Assigning grooves to tracks.

By simply selecting Bank A and Groove 1, you have now assigned your first groove to your MIDI data. of course at this point you shouldn't hear any change as the settings are all at zero and no groove is loaded, but by focusing on the first slot in the ReGroove mixer we can now start to add some effect.

Start by loading a groove from the Props factory library into the first slot. This is achieved by hitting the disc button and navigating to the groove section. There is a good choice of grooves here, some human, some machine. Pick one you like the sound of and load it up.

Loading factory grooves.

Now moving the main fader up in the first slot should start to hear the groove in action. You can add as much or as little as you like, remember everything you are doing at this point is none destructive so it can be reversed. In this section you can also add shuffle and slide if you like. There is also an option to pre align (or quantise) your notes before the groove is applied.

The groove engine in action.

The loop with a factory groove applied.

Step 3 - Extracting and Saving Custom Grooves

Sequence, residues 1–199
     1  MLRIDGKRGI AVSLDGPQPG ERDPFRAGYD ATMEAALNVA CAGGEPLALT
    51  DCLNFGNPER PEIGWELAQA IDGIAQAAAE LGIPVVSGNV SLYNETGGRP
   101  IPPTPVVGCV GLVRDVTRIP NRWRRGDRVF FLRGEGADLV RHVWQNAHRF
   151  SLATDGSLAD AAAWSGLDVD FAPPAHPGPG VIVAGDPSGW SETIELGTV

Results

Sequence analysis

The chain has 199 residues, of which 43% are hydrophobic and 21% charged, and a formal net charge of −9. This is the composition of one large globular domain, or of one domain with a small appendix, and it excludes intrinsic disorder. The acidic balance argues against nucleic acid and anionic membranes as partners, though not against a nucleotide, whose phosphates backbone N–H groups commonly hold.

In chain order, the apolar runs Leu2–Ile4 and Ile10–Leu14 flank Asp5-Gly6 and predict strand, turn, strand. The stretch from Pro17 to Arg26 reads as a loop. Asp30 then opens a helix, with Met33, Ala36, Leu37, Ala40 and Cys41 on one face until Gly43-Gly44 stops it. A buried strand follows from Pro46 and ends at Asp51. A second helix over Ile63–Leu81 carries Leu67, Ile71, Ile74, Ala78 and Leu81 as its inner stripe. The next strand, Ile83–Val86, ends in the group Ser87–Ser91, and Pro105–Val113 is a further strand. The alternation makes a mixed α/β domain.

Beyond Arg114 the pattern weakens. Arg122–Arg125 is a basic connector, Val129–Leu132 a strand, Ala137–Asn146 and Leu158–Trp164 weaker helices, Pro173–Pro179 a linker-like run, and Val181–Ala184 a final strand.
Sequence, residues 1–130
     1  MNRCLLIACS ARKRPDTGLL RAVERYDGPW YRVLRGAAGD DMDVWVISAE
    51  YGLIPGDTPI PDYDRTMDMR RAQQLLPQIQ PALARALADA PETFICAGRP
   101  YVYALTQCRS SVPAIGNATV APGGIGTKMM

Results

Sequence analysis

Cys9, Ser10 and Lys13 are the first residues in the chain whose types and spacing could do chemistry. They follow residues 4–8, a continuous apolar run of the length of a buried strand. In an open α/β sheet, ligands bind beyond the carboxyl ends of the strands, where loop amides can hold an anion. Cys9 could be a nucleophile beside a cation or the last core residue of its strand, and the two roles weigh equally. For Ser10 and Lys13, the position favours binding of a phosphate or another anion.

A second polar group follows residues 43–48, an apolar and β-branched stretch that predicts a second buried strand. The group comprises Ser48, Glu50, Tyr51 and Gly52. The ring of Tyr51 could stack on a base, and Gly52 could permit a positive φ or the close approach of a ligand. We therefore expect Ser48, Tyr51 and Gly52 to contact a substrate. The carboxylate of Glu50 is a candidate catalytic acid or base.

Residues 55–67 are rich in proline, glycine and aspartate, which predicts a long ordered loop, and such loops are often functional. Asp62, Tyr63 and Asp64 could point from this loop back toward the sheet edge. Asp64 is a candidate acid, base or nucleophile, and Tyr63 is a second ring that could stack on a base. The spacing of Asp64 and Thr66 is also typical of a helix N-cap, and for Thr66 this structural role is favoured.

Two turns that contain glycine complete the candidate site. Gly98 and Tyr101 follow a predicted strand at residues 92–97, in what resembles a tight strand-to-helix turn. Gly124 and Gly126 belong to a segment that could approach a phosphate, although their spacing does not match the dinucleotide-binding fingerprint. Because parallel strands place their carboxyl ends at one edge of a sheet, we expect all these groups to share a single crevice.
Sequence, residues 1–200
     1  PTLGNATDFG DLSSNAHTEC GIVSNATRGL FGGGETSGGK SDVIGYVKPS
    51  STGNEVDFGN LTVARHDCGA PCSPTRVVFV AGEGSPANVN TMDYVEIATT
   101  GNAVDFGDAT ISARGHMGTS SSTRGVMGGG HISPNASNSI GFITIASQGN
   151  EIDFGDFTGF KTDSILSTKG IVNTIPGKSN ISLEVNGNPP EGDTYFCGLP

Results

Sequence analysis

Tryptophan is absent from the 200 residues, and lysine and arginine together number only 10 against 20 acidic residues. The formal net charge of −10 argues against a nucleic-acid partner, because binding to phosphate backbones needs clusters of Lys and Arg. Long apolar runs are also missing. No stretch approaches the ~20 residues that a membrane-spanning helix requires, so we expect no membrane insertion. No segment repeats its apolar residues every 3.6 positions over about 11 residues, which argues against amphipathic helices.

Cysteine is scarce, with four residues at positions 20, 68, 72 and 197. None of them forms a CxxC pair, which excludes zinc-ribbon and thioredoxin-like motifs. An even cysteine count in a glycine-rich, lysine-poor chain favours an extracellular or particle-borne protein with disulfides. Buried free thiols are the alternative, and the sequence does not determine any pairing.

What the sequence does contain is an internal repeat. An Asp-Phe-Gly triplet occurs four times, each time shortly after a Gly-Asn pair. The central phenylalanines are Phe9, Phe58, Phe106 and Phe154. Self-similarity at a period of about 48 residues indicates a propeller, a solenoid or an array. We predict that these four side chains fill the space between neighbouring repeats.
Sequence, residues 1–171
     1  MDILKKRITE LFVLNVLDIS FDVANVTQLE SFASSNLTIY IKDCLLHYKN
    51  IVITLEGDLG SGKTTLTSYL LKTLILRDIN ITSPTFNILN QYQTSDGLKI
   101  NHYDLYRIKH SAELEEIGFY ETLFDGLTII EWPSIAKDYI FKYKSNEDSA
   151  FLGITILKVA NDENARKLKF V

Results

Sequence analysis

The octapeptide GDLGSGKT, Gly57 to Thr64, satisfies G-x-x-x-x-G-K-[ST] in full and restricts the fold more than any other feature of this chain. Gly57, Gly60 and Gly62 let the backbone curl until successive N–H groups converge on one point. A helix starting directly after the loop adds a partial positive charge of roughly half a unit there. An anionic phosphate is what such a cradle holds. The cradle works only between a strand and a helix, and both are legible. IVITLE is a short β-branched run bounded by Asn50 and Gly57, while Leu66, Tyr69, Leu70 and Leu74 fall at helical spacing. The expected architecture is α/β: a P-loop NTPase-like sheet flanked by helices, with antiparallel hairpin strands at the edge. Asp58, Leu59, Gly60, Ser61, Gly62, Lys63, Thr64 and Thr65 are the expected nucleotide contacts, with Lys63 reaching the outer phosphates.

Now you know how to apply preset grooves to a sound you should have no problem trying different presets and effecting any MIDI. This is great but what if you want to use the groove of the existing loop, luckily the groove engine makes this really straight forward.

Extracting the groove from a MIDI clip.

With your MIDI loop already copied to its own track you can simply right click on the relevant clip and you should see 'Get Groove From Clip'. As soon as this is completed a 'user' groove will be assigned to the next free slot in the groove mixer. This new groove can now be applied to any parts in your project.

The groove is now a user file and can be applied to other loops.

The original loops groove is applied to a guitar and the two are mixed.

Here you can see the user groove applied to a second loop

Step 4 - Applying Multiple Grooves and Committing Them to Disk

The ReGroove mixer offers 32 slots, and as I mentioned before you probably wouldn't use nearly this number in a typical project. But the numerous slots can be great for adding variations of the same groove. You can easily load the same groove into 3 or 4 of your mixers slots and have different intensities and shuffle amounts. You could even have one that is pre-aligned and one that's not. These can be assigned to your parts as you see fit.

Using the ReGroove mixer to apply multiple and variated grooves.

If you are totally happy with the way a groove is sounding, or you want to free up a mixer slot, you can commit the groove to the file permanently. This can also be useful if you want to send a MIDI file to someone with a new grove imprinted. To achieve this use the drop down groove menu and click 'Commit to Groove'. Once clicked the groove will turned off and imprinted onto the MIDI part.

Committing the groove to a MIDI clip.